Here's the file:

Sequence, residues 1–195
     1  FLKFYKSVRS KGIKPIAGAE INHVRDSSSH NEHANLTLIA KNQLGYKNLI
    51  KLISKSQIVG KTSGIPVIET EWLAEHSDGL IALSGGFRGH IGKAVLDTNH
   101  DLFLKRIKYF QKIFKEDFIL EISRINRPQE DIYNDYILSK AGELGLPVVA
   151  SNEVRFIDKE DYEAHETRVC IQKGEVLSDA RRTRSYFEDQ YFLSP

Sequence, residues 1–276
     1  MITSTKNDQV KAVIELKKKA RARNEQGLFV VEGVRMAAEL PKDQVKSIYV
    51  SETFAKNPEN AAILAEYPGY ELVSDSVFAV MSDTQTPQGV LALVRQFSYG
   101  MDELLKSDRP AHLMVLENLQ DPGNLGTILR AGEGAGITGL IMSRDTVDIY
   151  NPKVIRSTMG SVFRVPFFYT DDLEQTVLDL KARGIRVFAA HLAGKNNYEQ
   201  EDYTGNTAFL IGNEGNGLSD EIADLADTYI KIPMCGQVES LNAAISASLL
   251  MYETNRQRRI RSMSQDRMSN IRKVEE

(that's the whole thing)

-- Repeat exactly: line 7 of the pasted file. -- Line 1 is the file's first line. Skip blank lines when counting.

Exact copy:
     1  MITSTKNDQV KAVIELKKKA RARNEQGLFV VEGVRMAAEL PKDQVKSIYV